Before signing any documents, understand the following terms because financing has a language of its own.
Products or services that the dealer may offer in a sale, financing, or lease. Examples include extended service contracts, credit insurance, and guaranteed auto protection (GAP). These products and services are optional. Get the costs and terms of any additional products and services in your contract, and sign only for the specific products you want.
The dollar amount of the car loan provided to you.
The cost of auto loan expressed as a yearly rate. You may be able to negotiate this figure. Factors that influence your APR: Your credit history, current finance rates, dealers’ compensation, competition, market conditions, and special offers are among the factors that affect your APR. Try to negotiate the lowest APR just as you negotiate the price of the vehicle.
The bank, finance company or credit union that buys the contract from the dealer.
Optional insurance that pays the scheduled unpaid balance if you die or the scheduled monthly payments if you become disabled. The cost of optional auto loan insurance must be disclosed in writing. If you decide you want it, you must agree to it and sign for it.
document that includes information on where you live, how you pay your bills, and whether you have been sued, or have filed for bankruptcy. Nationwide consumer reporting agencies sell the information in your report to creditors, insurers, employers, and other businesses that use it to evaluate your applications for credit, insurance, employment, or renting a home.
A number that reflects the credit risk you present based on information in your credit file. The better your history of credit, the higher your score. Your credit score may be used to help decide the rate and other terms you are offered.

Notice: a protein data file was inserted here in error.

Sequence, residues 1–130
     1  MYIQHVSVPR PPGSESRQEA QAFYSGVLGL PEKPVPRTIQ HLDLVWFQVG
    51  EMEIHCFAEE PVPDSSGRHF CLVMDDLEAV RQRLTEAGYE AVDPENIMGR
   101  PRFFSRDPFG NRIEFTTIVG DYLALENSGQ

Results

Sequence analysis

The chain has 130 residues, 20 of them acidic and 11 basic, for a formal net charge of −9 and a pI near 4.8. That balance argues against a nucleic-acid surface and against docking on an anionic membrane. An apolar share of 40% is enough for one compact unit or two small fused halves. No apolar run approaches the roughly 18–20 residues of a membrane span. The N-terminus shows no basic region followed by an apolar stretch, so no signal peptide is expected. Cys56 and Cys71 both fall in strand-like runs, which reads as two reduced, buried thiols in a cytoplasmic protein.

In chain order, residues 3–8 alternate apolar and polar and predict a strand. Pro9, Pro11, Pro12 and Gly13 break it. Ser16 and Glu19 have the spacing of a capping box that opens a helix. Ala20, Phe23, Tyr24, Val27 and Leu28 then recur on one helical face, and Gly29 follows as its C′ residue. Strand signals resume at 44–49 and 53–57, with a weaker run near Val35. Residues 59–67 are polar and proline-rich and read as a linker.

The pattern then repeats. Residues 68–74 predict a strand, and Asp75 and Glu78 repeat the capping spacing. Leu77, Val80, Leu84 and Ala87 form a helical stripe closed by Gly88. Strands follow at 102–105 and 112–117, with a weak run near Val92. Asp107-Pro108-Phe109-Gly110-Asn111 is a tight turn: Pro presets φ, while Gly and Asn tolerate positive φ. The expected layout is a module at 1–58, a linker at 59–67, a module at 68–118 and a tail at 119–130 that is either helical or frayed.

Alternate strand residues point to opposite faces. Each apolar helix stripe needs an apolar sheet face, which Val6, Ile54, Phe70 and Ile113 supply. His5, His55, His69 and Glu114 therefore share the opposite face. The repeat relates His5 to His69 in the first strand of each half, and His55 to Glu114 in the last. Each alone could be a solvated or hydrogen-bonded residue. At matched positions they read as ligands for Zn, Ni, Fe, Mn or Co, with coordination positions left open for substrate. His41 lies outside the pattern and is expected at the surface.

The initial amount you pay to reduce the amount you finance.
Optional protection that pays the difference between the amount you owe on your vehicle and the amount you would get from your insurance company if the vehicle is stolen or destroyed before you have paid off your auto loan obligation.
The dollar amount due each month on the car loan.
If you do not make timely payments on a vehicle, your creditor may have the right to repossess it without going to court or warning you.
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This Act requires that before you are obligated to purchase or lease a vehicle, the following information must be provided to you in writing:Annual percentage rate, total cost of financing,Total Loan Cost, Implicit Finance Charge.
Any dealer must disclose to customers in a written document information about the vehicle’s history and condition. For example, they must tell you if the vehicle was a rental or registered out of province, or has had previous body damage over $3,000. If you are not provided with this information when you are asked to sign a loan or lease, you have rights under the Consumer Protection Act and the Motor Vehicle Dealers Act, 2002. These rights may assist you in not proceeding with the transaction or limiting the amounts you may be required to pay. The Ontario Motor Vehicle Industry Council can assist you in better understanding your rights.